OnQ Blog

Dean Kamen’s Young, Robot-Building Army

Spark interviews the legendary Segway inventor at his youth robotics competition about creating a better world through invention.

May 9, 2013

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When asked to name the invention he’s most proud of, Dean Kamen, the tech visionary who invented the Segway (and contributed to Qualcomm Spark) answered: “I don’t know. It didn’t happen yet.” Not because he hasn’t been on the forefront of invention, but rather because he feels that looking forward is the key to the success of the entrepreneur or inventor.

Hoping to spread that entrepreneurial spirit, Kamen’s FIRST (For Inspiration and Recognition of Science and Technology) organization, brings together the brightest young minds in science and technology to compete at the regional level on the way to its robotics championship in St. Louis. Billed as “The ultimate celebration of science and technology,” young people are challenged to design and build a robot in Kamen’s real-world engineering experiment. At the event this year, we sat down with Kamen to talk invention, inspiration and all things robotics.

QUALCOMM SPARK: You’ve said that your favorite invention is FIRST. Why?

KAMEN: As a kid, the first time you’re told, “You get one wish, but only one wish. What’ll you do?” [Kids say], “I wish for 10 more wishes.” They’re very proud of developing their first algorithm. I think FIRST is the personification of that.

QUALCOMM SPARK: What would be the ultimate invention?

KAMEN: To invent inventors. Invent a way to scale the process of invention. And every kid, on every team in the FIRST competition, is basically being given the skill sets, the motivation, and I think the passion, to become a problem-solver and an innovator.

We’re creating an army of FIRST innovators. They come away from these experiences with knowledge, with training, with education—with passion. They also come away with a totally different perspective about their future, about the possibilities.

QUALCOMM SPARK: The young people we’ve spoken to talk a lot about the friendships they’ve gained and the support they have for each other. How is that a key principle at FIRST?

KAMEN: It’s called “gracious professionalism.” And we not only promote gracious professionalism in everything we say…we not only promote “coopera-tition” on the field, and off the field, but we literally build it into the games, in the way the rules are constructed, in the way the game is operated. It rarely turns out to be advantageous to waste your time trying to destroy something. You’re always better off trying to build.

But there’s a very big difference between a system where the public gets the chance to stand on the shoulders of giants as the bar keeps going up, and a world where we’re each fighting with each other, and racing to the bottom together. FIRST is about making sure we’re all climbing to the top with each other. And do it competitively, because competition brings out the best in all of us.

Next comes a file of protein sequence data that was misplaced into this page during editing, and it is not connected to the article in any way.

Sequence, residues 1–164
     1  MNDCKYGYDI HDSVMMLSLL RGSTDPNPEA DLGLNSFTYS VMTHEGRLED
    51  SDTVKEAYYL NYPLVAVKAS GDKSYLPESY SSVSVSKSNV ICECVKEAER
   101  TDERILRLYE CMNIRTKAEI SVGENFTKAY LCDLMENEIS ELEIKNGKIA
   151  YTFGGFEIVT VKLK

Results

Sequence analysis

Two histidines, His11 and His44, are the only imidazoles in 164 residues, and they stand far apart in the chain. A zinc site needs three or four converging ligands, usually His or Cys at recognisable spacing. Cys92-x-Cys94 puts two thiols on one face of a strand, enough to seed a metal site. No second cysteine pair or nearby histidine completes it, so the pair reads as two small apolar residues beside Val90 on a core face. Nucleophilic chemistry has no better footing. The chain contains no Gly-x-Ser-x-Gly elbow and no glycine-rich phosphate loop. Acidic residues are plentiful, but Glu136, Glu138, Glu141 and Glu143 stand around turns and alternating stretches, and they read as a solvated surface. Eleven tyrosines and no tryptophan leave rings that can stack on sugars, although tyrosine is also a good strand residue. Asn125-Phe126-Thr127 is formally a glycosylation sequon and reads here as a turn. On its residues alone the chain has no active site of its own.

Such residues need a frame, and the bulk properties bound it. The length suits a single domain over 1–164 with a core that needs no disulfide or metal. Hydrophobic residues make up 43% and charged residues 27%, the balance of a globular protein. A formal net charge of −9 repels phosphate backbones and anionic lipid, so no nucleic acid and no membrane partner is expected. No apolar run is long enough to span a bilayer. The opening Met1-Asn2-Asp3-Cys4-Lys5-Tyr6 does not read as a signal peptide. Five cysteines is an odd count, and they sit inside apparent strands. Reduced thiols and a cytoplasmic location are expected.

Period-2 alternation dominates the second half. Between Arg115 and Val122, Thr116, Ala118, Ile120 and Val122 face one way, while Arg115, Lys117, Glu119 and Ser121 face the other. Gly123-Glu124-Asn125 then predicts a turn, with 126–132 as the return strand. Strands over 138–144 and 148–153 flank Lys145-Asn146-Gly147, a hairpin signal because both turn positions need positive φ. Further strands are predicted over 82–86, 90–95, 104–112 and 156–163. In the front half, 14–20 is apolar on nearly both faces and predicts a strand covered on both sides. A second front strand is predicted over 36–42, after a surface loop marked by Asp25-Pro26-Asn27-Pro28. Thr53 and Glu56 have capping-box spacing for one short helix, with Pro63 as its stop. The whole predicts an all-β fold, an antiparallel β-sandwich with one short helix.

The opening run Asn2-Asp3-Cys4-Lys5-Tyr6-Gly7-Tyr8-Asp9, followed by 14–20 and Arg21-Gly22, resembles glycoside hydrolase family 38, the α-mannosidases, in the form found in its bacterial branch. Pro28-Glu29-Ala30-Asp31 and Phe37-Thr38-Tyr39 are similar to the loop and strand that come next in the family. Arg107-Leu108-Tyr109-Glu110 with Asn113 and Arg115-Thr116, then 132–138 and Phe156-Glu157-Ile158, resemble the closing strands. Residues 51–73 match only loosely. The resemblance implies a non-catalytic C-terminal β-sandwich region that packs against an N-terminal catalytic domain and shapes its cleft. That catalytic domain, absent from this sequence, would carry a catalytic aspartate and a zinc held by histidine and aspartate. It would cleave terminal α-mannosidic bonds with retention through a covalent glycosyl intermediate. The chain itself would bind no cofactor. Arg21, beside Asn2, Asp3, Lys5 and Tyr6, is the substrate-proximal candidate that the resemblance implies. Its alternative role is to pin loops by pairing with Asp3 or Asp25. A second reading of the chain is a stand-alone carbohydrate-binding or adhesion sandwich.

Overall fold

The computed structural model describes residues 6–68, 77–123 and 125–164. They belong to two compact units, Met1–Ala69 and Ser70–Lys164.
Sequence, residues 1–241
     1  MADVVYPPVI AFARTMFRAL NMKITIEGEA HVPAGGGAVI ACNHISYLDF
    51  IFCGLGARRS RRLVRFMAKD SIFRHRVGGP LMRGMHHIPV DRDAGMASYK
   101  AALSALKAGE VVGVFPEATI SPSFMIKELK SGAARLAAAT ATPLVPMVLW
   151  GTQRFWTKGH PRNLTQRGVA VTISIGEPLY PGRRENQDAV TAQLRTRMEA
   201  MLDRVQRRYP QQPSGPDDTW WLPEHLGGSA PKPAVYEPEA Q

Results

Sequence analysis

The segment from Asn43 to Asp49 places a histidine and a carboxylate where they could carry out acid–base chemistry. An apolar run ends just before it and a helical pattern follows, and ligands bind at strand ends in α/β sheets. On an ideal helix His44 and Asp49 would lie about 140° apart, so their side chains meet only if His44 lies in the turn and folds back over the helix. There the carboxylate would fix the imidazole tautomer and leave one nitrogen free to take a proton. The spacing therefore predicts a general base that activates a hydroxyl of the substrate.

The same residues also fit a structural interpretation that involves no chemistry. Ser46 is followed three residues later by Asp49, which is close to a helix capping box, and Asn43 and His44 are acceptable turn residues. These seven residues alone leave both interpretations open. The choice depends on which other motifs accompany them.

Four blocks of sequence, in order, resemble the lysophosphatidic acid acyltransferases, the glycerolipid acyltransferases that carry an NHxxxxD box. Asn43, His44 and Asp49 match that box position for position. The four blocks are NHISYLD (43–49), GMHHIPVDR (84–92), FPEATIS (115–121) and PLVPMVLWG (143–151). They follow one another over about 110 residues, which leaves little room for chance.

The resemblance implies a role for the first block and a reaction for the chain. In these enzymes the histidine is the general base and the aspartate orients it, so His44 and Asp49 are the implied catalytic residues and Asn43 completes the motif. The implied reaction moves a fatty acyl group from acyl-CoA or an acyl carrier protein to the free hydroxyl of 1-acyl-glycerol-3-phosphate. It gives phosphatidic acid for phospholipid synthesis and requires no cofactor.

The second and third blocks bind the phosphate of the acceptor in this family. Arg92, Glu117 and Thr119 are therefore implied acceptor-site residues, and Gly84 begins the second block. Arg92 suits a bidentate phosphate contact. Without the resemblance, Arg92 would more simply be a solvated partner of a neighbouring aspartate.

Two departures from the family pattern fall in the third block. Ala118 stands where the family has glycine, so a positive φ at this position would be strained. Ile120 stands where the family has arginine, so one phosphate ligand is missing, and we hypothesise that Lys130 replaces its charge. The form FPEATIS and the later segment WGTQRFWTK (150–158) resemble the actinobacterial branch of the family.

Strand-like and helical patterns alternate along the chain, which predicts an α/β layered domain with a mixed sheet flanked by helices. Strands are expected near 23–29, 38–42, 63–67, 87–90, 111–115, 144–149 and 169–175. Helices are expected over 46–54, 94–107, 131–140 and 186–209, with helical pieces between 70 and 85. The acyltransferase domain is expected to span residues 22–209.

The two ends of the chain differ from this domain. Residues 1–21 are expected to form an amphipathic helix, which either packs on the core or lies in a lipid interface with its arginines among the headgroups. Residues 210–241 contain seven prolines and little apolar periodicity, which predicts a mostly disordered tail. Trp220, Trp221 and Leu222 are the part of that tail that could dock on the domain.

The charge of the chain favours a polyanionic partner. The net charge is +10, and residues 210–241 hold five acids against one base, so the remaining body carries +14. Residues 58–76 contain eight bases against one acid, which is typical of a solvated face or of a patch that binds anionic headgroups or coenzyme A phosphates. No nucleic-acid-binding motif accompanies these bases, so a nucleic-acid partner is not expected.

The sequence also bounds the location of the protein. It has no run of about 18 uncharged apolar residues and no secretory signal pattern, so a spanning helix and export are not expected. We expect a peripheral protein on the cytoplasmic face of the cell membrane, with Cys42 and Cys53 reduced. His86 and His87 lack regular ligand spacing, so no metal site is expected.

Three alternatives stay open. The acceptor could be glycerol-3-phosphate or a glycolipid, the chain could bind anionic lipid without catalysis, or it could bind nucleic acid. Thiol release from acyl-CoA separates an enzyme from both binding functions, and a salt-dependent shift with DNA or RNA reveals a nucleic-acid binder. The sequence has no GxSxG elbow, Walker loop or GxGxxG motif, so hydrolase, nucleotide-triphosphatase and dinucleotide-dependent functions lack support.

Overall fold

QUALCOMM SPARK: In one of this week’s ceremonies, you talked about your vision of a world where people are reasonable, and pointed to FIRST as being a way to help ensure that future.

KAMEN: Well, all you have to do is read the news. If kids are exposed long enough to a world where the news is, these people, physically or in some other way, attacking these people, sooner or later you end up where the norm in the world is an adversarial relationship between all the players, and every time somebody wins, it’s because somebody else is losing.

And when you come to FIRST, and you realize everybody is winning, and everybody is building together, and everybody is sharing more of a bigger, more exciting world inside FIRST, you wonder why can’t we spread that to the world outside FIRST? And wouldn’t it be great if there were 7 billion people on this planet all contributing, all making us collectively better and smarter and richer, instead of all fighting over finite resources? I’d rather look at the world of FIRST than the world typically projected in the news.

QUALCOMM SPARK: We’ve heard you describe the mobile phone as being at the top of the technology food chain. How important is mobile to your thinking about the future?

KAMEN: I think it’s become clear to virtually everyone, that connecting the world, in a positive way, creating a network that’s efficient and effective, is key to avoiding cultures clashing, to avoid the inefficiencies that are making the haves and have-nots more separated.

And the answer is, you make connectology. You make access to what’s going on efficient and effective. And you put all the people that need to know what’s going on in a place where they can communicate and cooperate. And wireless communication is an enormously effective way to lower all the barriers—to allow for really true, global collaboration.


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Michael Copeland

Sr. Manager, Marketing